In Guerrero v. Cal. Dep’t of Corr. & Rehab. N.D. Cal., No. 3:13-cv-05671, a federal district court in California denied the California Department of Corrections and Rehabilitation’s (“CDCR”) Motion to Dismiss Plaintiff’s Title VII disparate impact claim, and instead found plausible the plaintiff’s disparate impact claim based on CDCR’s policy of refusing to hire applicants on the basis of a prior use of a false social security number. The claim alleged the policy had an adverse impact on a class of Latinos, a protected class based on national origin. The court rejected CDCR’s argument that plaintiff’s disparate impact claim was based on immigration status only, which is not a protected class under Title VII.

In August 2011, Victor Guerrero applied for a job as a Correctional Officer with the CDCR. As part of the screening process, he had to complete a written exam, physical agility test and submit to a background investigation. The background check required Guerrero to complete a background questionnaire. Among other things, the questionnaire asked whether Guerrero had previously used a Social Security Number (“SSN”) other than the one he was using on the questionnaire. Guerrero answered yes, though he sought to explain the circumstances. Because of Guerrero’s previous use of the false SSN, CDCR denied his application for employment. According to Guerrero, the reason CDCR gave for denying his application was that, by knowingly using a false social security number, he did not satisfy the general qualifications of integrity, honesty and good judgment.

In 2013, Guerrero again applied for a Correctional Officer position with the CDCR. He was required to complete the same background questionnaire, containing the same question about previous use of a SSN other than the one used on the current application. Guerrero answered the question in the affirmative. His employment application was denied a second time.

Following the second denial, Guerrero filed an EEOC Charge of Discrimination. The EEOC did not complete its investigation or make any findings; rather, Guerrero requested and received a notice of right to sue. A federal lawsuit followed, with Guerrero arguing that he had been discriminated against based on his national origin. Specifically, Guerrero claims that the CDCR’s disqualification of applicants who have previously used false SSN numbers has an adverse and disproportionate impact on national origin minorities such as Latinos.

CDCR sought dismissal, contending that the claim was really based on Guerrero’s former immigration status, rather than his national origin. CDCR pointed to a Supreme Court decision which held that “national origin discrimination as defined in Title VII encompasses discrimination based on one’s ancestry, but not discrimination based on citizenship or immigration status.” Espinoza v. Farah Mfg. Co., 414 U.S. 86 (1973).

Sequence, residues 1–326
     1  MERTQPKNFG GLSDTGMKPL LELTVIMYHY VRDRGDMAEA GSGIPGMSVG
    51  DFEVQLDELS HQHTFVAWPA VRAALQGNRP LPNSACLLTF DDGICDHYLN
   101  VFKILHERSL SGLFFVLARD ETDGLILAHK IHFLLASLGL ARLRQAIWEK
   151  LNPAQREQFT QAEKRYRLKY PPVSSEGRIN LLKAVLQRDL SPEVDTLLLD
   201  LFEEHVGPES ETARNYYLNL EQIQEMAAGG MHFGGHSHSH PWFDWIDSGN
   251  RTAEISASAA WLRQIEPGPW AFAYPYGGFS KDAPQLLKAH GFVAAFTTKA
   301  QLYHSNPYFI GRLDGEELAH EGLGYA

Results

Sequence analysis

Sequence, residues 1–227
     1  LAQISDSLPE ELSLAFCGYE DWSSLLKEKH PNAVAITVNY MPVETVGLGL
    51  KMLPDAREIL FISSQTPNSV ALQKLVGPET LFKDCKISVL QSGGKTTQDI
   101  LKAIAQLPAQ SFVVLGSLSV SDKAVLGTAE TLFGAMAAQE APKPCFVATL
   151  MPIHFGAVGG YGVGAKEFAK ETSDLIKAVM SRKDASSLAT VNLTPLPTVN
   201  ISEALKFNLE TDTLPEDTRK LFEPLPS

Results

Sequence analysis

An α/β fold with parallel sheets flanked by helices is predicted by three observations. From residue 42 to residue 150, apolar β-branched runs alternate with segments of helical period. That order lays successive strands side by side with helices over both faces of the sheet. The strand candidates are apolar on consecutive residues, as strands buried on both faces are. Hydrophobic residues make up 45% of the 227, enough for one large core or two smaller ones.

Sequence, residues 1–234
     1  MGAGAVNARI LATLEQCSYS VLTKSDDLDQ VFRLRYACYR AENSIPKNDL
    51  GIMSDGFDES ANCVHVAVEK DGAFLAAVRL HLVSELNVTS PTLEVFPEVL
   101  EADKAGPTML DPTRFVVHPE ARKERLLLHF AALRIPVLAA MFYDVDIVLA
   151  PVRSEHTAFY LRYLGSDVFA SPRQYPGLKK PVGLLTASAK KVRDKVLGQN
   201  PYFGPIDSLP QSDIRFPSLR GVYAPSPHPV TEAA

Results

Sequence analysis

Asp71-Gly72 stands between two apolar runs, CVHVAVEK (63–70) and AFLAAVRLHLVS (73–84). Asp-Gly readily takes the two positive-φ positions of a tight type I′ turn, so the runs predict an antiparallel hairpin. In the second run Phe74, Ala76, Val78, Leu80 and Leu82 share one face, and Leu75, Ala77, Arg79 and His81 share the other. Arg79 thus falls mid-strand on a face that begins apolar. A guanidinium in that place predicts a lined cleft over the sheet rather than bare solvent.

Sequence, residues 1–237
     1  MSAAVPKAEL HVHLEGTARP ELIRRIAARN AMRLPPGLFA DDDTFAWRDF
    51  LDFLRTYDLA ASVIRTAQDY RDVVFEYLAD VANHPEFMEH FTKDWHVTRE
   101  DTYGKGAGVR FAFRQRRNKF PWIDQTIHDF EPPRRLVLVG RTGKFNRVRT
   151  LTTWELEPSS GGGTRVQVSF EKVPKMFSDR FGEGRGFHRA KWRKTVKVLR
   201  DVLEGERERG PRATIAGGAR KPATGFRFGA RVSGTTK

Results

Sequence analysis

The District Court disagreed, perfunctorily rejecting CDCR’s claim that the disparate impact complaint was based on immigration status, and instead, agreeing that it was based on a class of Latinos, and therefore stated a plausible claim of national origin disparate impact discrimination under Title VII.

The disparate impact theory of liability focuses on the discriminatory consequences of facially neutral policies or practices. Under the theory, such policies or practices may be unlawful if there is a significant disparate impact on a protected group, and cannot be justified based on business necessity. National origin is a protected group and, in the past, has typically been limited to discrimination based on ethnicity, physical, linguistic, or cultural traits and perception.

The Court’s finding that Guerrero stated a plausible Title VII disparate impact claim based on national origin is interesting because a major argument in Guerrero’s claim is that a particular group, Latinos, suffer a disparate impact not because of any of the characteristics referenced above, but because of the likelihood they have more immigration status issues than other groups. This theory has not previously been recognized. 

The district court’s recognition of this theory is important, despite it being only a denial of a motion to dismiss. First, it reiterates that, in the abstract, any neutral policy that screens out applicants can form the basis of a disparate impact claim if it has a disproportionately adverse impact on a category of individuals within one of the protected classes under Title VII. Second, given the large number of Latino workers in the United States, this ruling could encourage others to pursue this theory. Finally, the court’s willingness to accept a creative argument around the Supreme Court’s general rejection of immigration status as a basis for national origin discrimination should serve as a reminder and warning to employers. General rules of thumb—such as immigration status not being a protected class, are not complete defenses and employers should be examining their workforces and selection policies with an eye toward mitigating the risk of disparate impact claims.